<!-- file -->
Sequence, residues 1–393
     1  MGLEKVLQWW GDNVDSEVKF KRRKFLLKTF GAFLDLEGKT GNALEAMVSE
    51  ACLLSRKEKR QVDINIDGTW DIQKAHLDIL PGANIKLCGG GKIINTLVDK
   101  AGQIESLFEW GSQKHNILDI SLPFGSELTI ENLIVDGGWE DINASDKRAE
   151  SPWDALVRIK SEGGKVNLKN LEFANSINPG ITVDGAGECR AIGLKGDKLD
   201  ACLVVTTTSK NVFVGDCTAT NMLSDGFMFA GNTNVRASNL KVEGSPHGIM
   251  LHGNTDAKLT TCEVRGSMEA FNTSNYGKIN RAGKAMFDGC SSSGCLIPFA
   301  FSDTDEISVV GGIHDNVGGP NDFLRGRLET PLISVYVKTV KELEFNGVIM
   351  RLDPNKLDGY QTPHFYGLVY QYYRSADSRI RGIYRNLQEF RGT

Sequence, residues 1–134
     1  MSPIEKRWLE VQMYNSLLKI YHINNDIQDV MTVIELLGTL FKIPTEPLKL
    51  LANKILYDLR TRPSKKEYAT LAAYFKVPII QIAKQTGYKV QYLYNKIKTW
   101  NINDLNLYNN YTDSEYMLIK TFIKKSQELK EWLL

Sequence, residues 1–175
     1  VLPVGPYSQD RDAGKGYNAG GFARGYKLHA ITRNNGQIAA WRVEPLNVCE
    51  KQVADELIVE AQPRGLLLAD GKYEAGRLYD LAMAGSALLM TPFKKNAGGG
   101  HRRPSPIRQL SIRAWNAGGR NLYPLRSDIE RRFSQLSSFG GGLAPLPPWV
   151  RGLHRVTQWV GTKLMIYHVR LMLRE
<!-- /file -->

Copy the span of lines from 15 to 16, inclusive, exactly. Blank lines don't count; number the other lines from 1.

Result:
     1  VLPVGPYSQD RDAGKGYNAG GFARGYKLHA ITRNNGQIAA WRVEPLNVCE
    51  KQVADELIVE AQPRGLLLAD GKYEAGRLYD LAMAGSALLM TPFKKNAGGG